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Thursday, January 23, 2014

Dorayaki - Sweet Japanese Treat

Y'know... for a guy who grew up wanting beyond all else to have a girlfriend but fearing that he was actually kryptonite to them, the fact that I now seem to now have so many female friends astounds me.

It's true that none of them are sleeping with me, in keeping up with a long tradition, but ya takes what you can get.

One of the young ladies I work with is forever treating me with goodies, whether baked herself or bought, and for a guy who is starved for attention from anyone female, her thoughtfulness is indeed like manna from the gods.

As I was leaving work on Friday - I hadn't seen her all day as I was actually doing work and had my nose in my computer (actually, I was testing my e-mail to see why my message were not being allowed delivery), anyhow, I noticed she had just had her hair colored a nice reddish hue and pointed to it and smiled as I walked past wishing her a good weekend.

She had no idea what I was pointing at and instead bade me to wait a moment and dug out a special treat... a dorayaki.

To be honest, I had eaten one once or twice previous... but that was 21 years ago when I was last in Japan, and when this girl was maybe eight. Thinking like that easily rights the ship and reminds me why we are friends.

Anyhow... she is a Japanophile, and sometimes digs out Japan-related stories for me involving cats or other cute things, because that's her.

So... looking at her gift of a dorayaki... the only thing that came to mind was, she gave me a cute pancake... which made sense because I didn't recognize it at first for what it was.

Upon closer examination and many thanks later, I realized she had honored me with one of my favorite treats... while the dorayaki is a confectionery sandwich off two sweet pancakes, it's the filling that's key.

Containing an azuki (red bean paste), all I could think of was how much I loved eating that stuff... to me, this red bean paste was the most delicious sweet treat on the planet, and if I could share its taste with you, I would, at the very least consider it before shoving the whole thing into my rather large mouth.

The azuki red beans beans are slowly cooked with sugar and in Japanese, this is known as anko (jam), even though it doesn't have to be mashed into a jam-like form. Still... when the anko is mashed, it is called koshi. When the softened azuki red bean jam still maintains its bean shape, it is called tsubo.

These pancakes, by the way, are made from a popular Japanese sponge cake known as castella, which is made of sugar, flour eggs, corn starch and probably more sugar. Oh my god... I think I became diabetic just writing that sentence.

If the term 'castella' sounds wholly un-Japanese, you are correct. It is a derivative of the Portuguese phrase Pão de Castela, meaning "bread from Castile". The Japanese aspect comes from the 16th century when Portuguese traders sailed to Japan and began selling such interesting things as guns, tobacco, pumpkins and castella... oh yeah, and they also brought along the teachings of Jesus Christ and Christianity and attempted to convert the locals, particularly in Nagasaki where they were allowed to trade.

But... for those of you who read my blogs and learn their history, it was that whole Christianity thing that eventually pissed of the shogun who ruled Japan, and eventually decided to close up Japan's borders allowing no one in or anyone out... a temper tantrum that lasted about 250 years... though the Dutch were allowed to continue trading for another 50 years since they were only interested in finance, not religion.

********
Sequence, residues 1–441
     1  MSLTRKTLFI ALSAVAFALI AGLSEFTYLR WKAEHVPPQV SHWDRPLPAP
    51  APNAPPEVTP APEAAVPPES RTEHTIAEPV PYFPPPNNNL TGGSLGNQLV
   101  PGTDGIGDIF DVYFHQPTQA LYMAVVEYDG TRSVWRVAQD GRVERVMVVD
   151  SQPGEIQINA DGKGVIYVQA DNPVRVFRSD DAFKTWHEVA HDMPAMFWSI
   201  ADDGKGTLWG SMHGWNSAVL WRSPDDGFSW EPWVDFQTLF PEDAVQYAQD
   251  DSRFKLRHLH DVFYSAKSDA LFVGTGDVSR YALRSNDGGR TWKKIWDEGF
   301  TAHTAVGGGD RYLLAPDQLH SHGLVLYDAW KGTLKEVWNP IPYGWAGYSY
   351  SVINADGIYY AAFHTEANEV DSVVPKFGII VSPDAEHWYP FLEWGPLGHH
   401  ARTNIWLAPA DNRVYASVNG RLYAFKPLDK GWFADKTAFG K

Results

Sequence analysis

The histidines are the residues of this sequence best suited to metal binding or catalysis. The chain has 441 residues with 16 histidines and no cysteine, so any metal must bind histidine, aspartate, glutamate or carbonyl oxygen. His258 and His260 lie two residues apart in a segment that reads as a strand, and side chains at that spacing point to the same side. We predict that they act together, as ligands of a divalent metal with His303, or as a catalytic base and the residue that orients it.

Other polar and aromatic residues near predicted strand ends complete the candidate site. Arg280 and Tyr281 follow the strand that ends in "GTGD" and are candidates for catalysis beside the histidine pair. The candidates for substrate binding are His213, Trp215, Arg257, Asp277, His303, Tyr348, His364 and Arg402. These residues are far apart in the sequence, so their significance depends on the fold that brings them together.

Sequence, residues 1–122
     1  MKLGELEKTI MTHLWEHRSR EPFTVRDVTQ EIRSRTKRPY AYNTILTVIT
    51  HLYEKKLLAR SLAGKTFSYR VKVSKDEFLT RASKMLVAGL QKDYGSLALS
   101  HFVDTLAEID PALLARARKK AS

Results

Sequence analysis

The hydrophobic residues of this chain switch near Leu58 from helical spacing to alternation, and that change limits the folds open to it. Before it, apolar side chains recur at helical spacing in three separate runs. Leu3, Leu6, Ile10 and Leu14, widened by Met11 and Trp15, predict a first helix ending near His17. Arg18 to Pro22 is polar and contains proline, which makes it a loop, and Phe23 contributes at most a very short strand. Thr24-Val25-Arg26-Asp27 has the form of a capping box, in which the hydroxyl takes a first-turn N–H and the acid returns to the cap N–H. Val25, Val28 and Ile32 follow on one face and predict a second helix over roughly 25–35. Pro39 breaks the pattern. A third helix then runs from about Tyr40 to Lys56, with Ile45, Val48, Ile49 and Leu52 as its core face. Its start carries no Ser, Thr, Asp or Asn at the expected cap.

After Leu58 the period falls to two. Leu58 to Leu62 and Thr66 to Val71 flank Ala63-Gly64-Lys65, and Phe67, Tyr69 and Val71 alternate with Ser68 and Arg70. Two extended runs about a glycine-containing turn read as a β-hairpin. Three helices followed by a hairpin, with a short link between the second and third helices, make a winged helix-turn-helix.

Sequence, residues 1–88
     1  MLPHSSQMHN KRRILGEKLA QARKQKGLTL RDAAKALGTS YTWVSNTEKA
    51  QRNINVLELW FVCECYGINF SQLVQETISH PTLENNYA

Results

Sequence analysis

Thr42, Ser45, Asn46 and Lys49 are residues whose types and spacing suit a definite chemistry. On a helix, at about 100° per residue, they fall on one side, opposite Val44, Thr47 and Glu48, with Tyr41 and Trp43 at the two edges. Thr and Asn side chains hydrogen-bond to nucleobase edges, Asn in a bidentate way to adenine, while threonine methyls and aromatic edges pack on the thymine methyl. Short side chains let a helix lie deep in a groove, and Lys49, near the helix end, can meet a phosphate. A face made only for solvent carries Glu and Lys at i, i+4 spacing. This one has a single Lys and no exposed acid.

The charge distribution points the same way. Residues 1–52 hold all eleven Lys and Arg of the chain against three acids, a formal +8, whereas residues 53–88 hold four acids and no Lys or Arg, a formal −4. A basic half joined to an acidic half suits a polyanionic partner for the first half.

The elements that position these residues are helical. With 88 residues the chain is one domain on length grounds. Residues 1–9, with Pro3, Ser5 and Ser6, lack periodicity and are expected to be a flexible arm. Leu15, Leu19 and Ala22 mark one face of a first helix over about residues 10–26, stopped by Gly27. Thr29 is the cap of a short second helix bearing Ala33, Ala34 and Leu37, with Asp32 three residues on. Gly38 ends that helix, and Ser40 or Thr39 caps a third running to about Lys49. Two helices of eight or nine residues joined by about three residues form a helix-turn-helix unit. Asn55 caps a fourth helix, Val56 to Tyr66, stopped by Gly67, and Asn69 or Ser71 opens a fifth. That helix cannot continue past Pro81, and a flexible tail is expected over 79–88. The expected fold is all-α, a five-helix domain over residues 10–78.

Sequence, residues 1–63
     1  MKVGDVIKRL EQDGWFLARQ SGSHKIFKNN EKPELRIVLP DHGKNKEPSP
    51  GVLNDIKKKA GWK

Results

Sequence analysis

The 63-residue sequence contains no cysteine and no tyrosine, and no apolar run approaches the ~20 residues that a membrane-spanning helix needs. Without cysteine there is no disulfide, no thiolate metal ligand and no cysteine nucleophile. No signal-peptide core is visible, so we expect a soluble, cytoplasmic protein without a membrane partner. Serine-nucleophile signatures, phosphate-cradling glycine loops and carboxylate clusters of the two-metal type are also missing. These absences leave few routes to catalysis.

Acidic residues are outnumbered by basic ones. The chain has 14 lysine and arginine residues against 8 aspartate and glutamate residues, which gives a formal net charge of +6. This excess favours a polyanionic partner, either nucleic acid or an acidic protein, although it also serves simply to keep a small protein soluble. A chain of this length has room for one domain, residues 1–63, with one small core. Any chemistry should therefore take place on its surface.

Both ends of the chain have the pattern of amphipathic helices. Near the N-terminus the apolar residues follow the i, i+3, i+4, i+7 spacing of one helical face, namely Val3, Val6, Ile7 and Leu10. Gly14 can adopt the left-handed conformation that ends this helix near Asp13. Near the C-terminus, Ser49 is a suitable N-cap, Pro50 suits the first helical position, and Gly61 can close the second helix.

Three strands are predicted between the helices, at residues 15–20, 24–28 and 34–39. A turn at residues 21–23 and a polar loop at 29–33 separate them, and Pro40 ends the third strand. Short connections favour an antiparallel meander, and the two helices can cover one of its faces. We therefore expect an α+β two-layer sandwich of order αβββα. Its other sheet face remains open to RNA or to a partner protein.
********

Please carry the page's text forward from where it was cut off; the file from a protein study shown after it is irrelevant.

Anyhow, the Japanese really liked the guns and tobacco, and were also very fond of the castella, as they found it had a long storage life, and, if it could be kept dry, could be a safe food for Japanese sailors who might be out from port for months.

The only knock against castella back in the 16th century Japan - and actually the world, is that sugar was an expensive commodity, and while still a much consumed food stock of Japanese sailors, castella was considered a luxury item, and was served at many a court gathering.

Now, food and history are always something I enjoy consuming, so I always like to have a second helping of both.

Until 1914, dorayaki was only a single pancake folder upon itself to contain the azuki red bean paste, until a gentleman named Usagiya - a chef in the Ueno area of Tokyo - decided to utilize two flat pancakes as a sandwich with the paste in between. ;

As for where the name dorayaki came from... well, because the word 'dora' is Japanese for 'gong', legend has that dorayaki first came about after a samurai named Benkai forgot his gong (dora) in a farmer's home where he had apparently been hiding out for the night. Later, when the farmer returned, he used the gong as a frying pan to cook up some pancakes.

Oh... and in Japanese, 'yaki' means 'iron griddle for cooking'.

I have no idea where that dumb farmer had lost his iron frying pan that made him so desperate to utilize someone else's gong as a cooking implement.

I also have no idea why Benkai the samurai had a gong with him, or why he was hiding in someone else's house. Where was the home's owner?

Oh well... I'm going to eat the dorayaki now.

Bang a gong, get it on, get it off and into my mouth,
Andrew Joseph


  1. I have no idea why, but it seems to me that most westerners love anything with anko, lol. I have a friend who really love taiyaki, in anko flavor. :D I myself could care less about dorayaki or anko sweets, probably because I'm getting too used to it, or that I'm not a big fan of azuki. Hehe.
    Great post though, I really enjoy this article. :)

    1. Anko was a god-send when I arrived in Japan... new, different, sweet... and damn it, it didn't have some weird taste sensation I had to get used to...